Hi Reid, her message begins. Apparently, we’re a 98% match (With odds like that we should take our wallets to Vegas or play Monopoly, I’m good with either).

This brief, easy introduction makes me laugh—and there’s something so genuinely easygoing about it that feels immediately appealing. But it’s hard to get an instinctive, physical response to her: her profile picture is only of her shoulder and neck; her head is turned away, allowing just a glimpse of her jaw. Since it’s a black-and-white photo, I can’t even tell what color her hair is.

Alex’s voice rings in response: Only ugly chicks go for the “artful” profile pics.

I swear he’s ruining us all one by one.

I’m in the lab all morning with Ed watching a demo of a new imaging system, but he’s clearly been holding out on me: as soon as we get to lunch, he pulls out his phone and shows Millie the photo of a woman he matched with last night. I watch him for a lingering beat, aware again that he seems genuinely invested in all of this.

Based on Mill’s reaction, the woman is either beautiful or hideous—her surprise really could mean either.

Alex sits down on the other side of Millie and leans over to look. “You matched with her?”

Ed gives a long enough pause that anyone but Alex might rethink his choice of word emphasis. “Yes.”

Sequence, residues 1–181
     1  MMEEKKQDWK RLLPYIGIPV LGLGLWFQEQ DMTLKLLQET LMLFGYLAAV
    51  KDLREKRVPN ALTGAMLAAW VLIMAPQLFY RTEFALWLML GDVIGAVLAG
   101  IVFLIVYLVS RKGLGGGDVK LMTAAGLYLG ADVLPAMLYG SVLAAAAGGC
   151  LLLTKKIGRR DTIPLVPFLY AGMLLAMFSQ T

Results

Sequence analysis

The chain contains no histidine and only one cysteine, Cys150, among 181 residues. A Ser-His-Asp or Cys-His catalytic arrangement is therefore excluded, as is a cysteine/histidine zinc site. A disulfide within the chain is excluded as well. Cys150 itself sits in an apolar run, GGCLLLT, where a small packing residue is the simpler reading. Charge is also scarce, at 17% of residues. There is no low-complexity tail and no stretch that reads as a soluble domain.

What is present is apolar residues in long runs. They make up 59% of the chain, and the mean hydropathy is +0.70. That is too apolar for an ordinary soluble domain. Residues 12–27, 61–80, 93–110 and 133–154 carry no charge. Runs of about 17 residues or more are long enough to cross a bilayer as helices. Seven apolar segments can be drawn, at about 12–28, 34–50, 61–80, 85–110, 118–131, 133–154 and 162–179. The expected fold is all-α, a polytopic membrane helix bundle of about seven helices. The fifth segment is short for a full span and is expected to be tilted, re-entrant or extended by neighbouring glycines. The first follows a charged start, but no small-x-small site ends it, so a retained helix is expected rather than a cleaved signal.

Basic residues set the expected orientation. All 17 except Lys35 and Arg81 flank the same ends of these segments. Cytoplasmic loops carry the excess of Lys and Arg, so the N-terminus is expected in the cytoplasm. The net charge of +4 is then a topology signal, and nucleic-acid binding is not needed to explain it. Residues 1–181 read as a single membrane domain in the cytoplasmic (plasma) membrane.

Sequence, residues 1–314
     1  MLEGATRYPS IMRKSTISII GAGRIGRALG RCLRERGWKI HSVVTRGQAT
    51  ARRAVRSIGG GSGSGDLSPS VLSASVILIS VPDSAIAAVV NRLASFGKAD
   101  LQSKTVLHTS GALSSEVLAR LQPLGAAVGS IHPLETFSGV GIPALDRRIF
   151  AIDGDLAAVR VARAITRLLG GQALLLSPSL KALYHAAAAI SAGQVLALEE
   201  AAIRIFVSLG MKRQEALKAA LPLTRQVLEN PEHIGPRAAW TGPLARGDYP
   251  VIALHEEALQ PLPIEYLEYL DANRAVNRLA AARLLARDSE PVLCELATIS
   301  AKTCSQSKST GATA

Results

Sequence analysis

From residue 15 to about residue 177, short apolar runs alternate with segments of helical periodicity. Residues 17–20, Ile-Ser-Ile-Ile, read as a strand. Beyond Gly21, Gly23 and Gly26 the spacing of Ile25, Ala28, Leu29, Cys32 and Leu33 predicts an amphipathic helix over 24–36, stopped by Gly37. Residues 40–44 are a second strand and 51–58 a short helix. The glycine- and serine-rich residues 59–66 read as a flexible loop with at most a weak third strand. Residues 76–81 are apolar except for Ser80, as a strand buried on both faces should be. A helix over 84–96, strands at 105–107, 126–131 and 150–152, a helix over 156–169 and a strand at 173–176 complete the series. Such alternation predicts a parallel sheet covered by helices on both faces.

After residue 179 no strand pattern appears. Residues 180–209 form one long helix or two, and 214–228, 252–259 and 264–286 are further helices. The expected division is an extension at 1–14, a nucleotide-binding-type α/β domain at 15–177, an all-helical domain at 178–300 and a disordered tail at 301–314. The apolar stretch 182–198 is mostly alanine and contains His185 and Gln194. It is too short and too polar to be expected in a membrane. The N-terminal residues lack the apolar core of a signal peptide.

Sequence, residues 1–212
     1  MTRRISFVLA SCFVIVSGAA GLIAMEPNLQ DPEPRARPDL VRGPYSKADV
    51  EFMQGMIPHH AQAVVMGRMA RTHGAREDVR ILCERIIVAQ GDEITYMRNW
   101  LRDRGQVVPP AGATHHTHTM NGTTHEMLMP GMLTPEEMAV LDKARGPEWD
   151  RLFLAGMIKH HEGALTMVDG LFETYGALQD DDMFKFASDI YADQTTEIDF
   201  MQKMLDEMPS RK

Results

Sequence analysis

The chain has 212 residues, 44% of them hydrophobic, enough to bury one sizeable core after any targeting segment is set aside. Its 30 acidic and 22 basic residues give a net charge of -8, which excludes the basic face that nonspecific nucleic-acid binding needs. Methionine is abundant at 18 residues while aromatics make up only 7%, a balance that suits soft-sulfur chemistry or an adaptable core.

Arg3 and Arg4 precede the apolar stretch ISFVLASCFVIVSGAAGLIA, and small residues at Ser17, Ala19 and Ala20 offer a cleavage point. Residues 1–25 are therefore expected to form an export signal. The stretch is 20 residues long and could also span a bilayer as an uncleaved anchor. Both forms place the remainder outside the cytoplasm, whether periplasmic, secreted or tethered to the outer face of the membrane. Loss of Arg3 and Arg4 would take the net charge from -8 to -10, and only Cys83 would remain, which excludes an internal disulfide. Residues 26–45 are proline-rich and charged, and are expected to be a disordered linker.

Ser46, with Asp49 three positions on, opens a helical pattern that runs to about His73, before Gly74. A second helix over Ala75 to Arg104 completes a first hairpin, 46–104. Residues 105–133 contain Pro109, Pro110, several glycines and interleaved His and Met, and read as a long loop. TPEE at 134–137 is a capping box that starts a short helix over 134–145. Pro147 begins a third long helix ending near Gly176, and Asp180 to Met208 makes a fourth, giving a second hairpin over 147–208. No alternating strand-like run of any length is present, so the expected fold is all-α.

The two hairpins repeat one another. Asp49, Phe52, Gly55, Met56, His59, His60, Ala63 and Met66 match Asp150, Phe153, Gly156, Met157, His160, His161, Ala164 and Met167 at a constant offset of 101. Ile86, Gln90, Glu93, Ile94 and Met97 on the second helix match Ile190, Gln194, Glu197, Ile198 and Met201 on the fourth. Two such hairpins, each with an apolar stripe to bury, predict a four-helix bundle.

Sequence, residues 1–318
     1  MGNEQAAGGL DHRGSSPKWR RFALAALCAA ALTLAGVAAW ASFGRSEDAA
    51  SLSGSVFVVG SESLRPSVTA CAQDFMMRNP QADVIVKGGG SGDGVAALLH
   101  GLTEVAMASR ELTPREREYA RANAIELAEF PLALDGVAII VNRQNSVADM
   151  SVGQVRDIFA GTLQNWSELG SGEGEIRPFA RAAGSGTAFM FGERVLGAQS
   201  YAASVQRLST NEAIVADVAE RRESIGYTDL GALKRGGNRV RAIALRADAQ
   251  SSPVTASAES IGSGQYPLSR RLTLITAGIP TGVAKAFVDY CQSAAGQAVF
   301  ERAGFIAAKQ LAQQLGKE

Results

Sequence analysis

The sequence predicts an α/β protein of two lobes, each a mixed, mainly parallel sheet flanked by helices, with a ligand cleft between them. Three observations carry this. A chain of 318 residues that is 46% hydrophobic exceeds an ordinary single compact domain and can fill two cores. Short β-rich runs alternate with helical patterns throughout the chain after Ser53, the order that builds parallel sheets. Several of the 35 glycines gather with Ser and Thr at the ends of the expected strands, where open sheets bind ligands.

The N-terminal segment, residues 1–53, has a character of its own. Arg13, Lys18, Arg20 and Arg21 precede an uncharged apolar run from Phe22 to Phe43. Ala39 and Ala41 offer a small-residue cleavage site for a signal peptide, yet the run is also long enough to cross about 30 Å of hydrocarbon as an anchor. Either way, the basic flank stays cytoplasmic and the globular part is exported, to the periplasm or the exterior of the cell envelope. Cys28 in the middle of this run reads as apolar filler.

“And you posted a picture of yourself?” Alex is immediately pelted with Ed’s balled-up napkin.

Millie hands the phone back to Ed. “She looks nice.”

“ ‘Nice’?” Alex unwraps his sandwich. “She looks like she’d go down and eat a motherfucking salad, if you know what I’m saying.”

“What am I even walking up to here?” Chris sits down and carefully slides his Cobb salad onto the table in front of him.

“Alex is being a goblin,” Millie explains. “By the way, you all should know that I received a message last night from a man I thought I’d matched nicely with.” She grins. “He gave me explicit instructions on how to milk his balls.”

“Milk his balls?” I ask for clarification.

Alex opens his mouth to answer, but before he can, Chris gives a quiet “Dude. No.”

Moving on without hesitation, Alex says, “This dating app sucks. No one has given me access to their profiles yet.”

“Because you come across like Animal from The Muppets,” I tell him.

Millie protests, “Hey! I wrote that profile. And it’s all true, to be fair.”

“It is true,” Alex says. “My greatness may not come across on-screen, but is impossible to ignore in person.”

“And that ego,” Chris says.

Alex grins up at him.

I poke at my pasta. “I matched last night.”

“Oh really?” Millie drawls.